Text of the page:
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Fuel efficiency potential

Discussion in 'News & Current Events' started by just-want-peace, May 20, 2009.

  1. just-want-peace

    just-want-peace Well-Known Member
    Site Supporter

    Feb 3, 2002
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    This thread - 35.5 mpg- what a crock!! - got me to thinking about an episode on TRAINS I saw a few weeks ago, with the following statement. This is exact, as I took a pic of the screen when it appeared cause it blew my mind away.

    History channel, "MODERN MARVELS" - TRAINS

    1 Stopping/starting
    2 Differing friction for drive wheels
    3 Operator's driving habits
    4 Difference in efficiency of engines
    5 Difference in efficiency of drive train (truck) and transmission lines to motors (train)

    I'm sure there are others, but these are all I could think of off-hand.

    I know virtually squat about trains, but it seems to me that the huge factors would be #'s 1 & 2 for the difference in efficiency, UNLESS there is a tremendous difference for # 5.

    IF #5 IS very significant, then this may be the answer to vehicular mileage, as the remainder would not change appreciably for the first 4 factors when considering the efficiency for "standard" vehicles.

    Any "scientific" thoughts?

    Incidentally, I had an '84 Cutlass Ciera (Olds) DIESEL that would get an average of 36-38MPG on the "I" at 70MPH.

    Loved it - except for the acceleration. Excellent torque in the mountains & you couldn't tell you weren't on level ground performance-wise.
  2. Bob Alkire

    Bob Alkire New Member

    Mar 23, 2001
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    I don't know about the rail, but I've never driven or seen an 18 wheel truck that could move a ton of freight 59 miles on a gallon. My truck empty gets about 12 MPG at best and with a load on highway about 9 MPG and in town or city about 2 or 3 MPG.

    If the rail could deliver on time, would do a lot to help them, or should I say faster. Then there is the cost to get to and from the rail yard with the load being pulled by truck.
  3. Mexdeaf

    Mexdeaf New Member

    Mar 14, 2005
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    "Efficiency" is not all measured by MPG. As Bob Alkire pointed out, there are time and placement issues also.

    The most "efficient" means of transport for people is "mass" transport, if you speak of pure energy efficiency. But it is not the most efficient use of time or placement- that's why many large urban centers have traffic gridlock in spite of heavy reliance upon bus, urban rail, and subway modes of transport.
  4. windcatcher

    windcatcher New Member

    Apr 28, 2007
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    I think the estimates are a little low on the truck.....

    An 18 wheeler....fully loaded, gross max including trucks tare weight plus cargo.... 80,000 lbs.: Average mpg is between 5 and 7, usually in the range of 5mpg diesel. That is moving 40 tons 5 miles for a gallon of fuel OR 40 X 5 = 200 mpg fuel per ton. Of course, only about 22 tons of that is actual freight.... the tractor and trailer account for the rest. The efficiency COULD be increased if federal and state highway regs allowed more maximum weight to be carried. Many a truck hauls less than a full load, volume capacity because of the density and weight of freight. However, the efficiency of the engine to pull the weight cross country and the efficiency of the braking mechanism in an 18 wheeler when properly maintained, means they are quite capable of running safely with higher weight than the law allows.... in most conditions. International, Cat, Freightliner, Peterbilt tractors, etc..... all are made very capable of pulling 120,000 gross pounds on the highway....... but they are regulated with laws to maintain weight including tare weight and fuel of less than 80,000 pounds...... with strict adherance to distribution over axles.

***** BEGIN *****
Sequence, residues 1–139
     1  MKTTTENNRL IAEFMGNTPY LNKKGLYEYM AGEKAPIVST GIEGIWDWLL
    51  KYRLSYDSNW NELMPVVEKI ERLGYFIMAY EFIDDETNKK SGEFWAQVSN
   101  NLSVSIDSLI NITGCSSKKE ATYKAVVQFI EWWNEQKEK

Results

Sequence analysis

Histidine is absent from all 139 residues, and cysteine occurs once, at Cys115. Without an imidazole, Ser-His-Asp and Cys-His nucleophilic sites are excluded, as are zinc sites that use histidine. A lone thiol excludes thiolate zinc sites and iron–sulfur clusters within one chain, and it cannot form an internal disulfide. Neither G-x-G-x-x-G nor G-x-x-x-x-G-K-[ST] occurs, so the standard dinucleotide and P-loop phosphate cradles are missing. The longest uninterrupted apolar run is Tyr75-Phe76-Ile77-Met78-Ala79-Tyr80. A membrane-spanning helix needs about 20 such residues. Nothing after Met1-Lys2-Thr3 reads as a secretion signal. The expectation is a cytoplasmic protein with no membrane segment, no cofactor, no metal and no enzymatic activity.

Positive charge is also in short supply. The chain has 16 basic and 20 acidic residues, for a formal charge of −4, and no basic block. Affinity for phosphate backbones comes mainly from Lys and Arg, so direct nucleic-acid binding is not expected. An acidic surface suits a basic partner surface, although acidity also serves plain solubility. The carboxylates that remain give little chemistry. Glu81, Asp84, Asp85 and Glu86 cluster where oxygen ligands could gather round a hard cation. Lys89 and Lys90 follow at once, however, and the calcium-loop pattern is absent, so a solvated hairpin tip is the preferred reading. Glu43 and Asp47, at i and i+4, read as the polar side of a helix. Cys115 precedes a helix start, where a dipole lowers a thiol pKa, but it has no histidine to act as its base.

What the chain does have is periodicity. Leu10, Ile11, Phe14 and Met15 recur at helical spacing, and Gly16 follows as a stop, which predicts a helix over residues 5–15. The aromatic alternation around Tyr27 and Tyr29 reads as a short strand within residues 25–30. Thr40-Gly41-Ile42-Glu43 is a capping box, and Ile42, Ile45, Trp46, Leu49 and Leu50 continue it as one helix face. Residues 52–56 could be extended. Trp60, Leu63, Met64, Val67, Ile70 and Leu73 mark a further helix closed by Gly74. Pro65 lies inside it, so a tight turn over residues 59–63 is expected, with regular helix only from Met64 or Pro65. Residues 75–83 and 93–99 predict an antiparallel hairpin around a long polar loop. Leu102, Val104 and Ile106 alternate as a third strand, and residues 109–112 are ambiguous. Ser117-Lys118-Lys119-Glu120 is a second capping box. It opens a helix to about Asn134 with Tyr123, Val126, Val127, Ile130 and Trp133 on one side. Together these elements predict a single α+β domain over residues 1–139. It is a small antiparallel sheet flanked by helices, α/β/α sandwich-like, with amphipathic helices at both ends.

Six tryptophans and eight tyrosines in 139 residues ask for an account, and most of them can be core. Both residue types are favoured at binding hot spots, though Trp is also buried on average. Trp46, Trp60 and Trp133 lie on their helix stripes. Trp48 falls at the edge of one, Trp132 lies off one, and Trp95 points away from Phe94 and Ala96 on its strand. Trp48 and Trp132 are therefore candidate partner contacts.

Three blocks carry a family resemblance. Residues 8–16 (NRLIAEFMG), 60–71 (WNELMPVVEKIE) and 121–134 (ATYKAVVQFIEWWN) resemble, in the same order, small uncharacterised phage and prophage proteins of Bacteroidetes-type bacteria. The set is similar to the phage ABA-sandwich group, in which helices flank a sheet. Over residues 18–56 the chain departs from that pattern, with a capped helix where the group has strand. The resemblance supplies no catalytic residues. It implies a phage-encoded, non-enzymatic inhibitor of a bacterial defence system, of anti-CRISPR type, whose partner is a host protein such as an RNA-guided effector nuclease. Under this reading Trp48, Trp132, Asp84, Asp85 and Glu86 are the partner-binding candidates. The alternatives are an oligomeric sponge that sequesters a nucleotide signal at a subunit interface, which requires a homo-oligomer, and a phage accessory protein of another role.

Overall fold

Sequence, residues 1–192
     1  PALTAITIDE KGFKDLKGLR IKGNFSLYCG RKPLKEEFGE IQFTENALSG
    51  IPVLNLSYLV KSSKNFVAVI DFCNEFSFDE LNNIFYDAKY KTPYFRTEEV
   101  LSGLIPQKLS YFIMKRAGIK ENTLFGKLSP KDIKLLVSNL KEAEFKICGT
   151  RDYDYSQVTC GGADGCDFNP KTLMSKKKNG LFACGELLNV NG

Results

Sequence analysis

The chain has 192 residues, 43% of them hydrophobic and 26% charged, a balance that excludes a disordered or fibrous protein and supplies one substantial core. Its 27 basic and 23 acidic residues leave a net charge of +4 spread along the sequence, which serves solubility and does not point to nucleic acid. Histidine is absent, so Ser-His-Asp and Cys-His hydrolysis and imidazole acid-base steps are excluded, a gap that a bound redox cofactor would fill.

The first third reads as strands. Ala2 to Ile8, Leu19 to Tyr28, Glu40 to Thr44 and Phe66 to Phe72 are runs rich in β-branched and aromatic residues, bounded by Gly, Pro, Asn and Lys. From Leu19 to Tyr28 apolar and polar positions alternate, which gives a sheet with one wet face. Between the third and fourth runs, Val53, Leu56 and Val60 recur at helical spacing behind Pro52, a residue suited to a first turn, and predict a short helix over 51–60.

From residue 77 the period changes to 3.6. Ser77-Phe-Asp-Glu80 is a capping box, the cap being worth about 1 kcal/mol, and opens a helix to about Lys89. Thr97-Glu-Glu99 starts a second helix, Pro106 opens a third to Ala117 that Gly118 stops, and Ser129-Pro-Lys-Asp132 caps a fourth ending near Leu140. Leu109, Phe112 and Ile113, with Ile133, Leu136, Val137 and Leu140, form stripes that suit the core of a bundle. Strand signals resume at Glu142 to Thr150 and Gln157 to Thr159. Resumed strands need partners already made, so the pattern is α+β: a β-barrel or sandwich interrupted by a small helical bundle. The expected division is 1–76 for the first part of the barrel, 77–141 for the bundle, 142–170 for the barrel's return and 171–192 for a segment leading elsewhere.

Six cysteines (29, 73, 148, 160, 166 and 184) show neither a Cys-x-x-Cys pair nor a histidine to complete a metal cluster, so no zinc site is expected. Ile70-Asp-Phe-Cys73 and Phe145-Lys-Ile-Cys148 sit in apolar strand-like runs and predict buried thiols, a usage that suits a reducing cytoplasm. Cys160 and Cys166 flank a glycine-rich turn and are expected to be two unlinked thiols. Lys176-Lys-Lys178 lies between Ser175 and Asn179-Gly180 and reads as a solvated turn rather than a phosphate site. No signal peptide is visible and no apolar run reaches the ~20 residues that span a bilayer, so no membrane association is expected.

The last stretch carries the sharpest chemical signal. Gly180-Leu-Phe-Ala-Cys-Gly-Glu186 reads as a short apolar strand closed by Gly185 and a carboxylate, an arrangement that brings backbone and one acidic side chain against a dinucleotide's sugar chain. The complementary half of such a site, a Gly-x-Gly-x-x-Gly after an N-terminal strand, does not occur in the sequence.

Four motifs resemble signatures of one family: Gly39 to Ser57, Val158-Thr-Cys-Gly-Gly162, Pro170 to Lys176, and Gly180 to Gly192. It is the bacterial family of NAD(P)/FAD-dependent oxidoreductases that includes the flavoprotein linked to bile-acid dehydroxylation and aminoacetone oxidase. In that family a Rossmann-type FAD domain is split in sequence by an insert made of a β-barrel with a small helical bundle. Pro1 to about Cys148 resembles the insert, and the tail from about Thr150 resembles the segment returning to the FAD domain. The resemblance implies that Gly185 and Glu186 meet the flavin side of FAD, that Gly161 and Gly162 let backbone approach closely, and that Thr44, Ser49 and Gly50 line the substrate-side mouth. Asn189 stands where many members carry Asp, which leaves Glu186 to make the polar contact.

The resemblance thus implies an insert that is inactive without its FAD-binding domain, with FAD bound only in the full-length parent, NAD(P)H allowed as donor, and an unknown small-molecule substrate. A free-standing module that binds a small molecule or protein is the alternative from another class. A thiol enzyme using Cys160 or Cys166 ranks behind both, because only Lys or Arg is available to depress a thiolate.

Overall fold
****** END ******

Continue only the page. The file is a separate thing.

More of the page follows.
However, our highway system and those specially designed truck park areas, are designed to withstand the stress and wear of weight, relatively distributed over the axles and bearing of those 18 wheels of legal weight. As weight increases, the load stress on areas of paved road subject to slow downs and paved truck park areas is increased, and particularly where tight turns or pivots are required. As the weight is increased, there is slower gains to traffic speeds when excelerating, and greater distances required for a safe and controlled stop, but a professional driver is aware of these factors constantly changing in conditions beyond his own control.... like the weather, and is accustomed to making adjustments to properly control his equipment.

    Ideally, the trucking industry would be supported with truck stops and full facillity rests areas along the interstate and major US highways...... and Warehousing and receiving areas located on the fringes of major populated areas so that local trucking services with smaller trucks would do the deliveries.... as they are more efficient in the stop and go traffic and ease of maneuverability of moving around in traffic. But this would require careful planning for development, and transitioning those areas of trade already trapped within municipalities from receiveing and shipping to other forms of productive use, and providing incentives or planned development for building receiving and shipping in more rural areas.
    #4 windcatcher, May 20, 2009
    Last edited by a moderator: May 20, 2009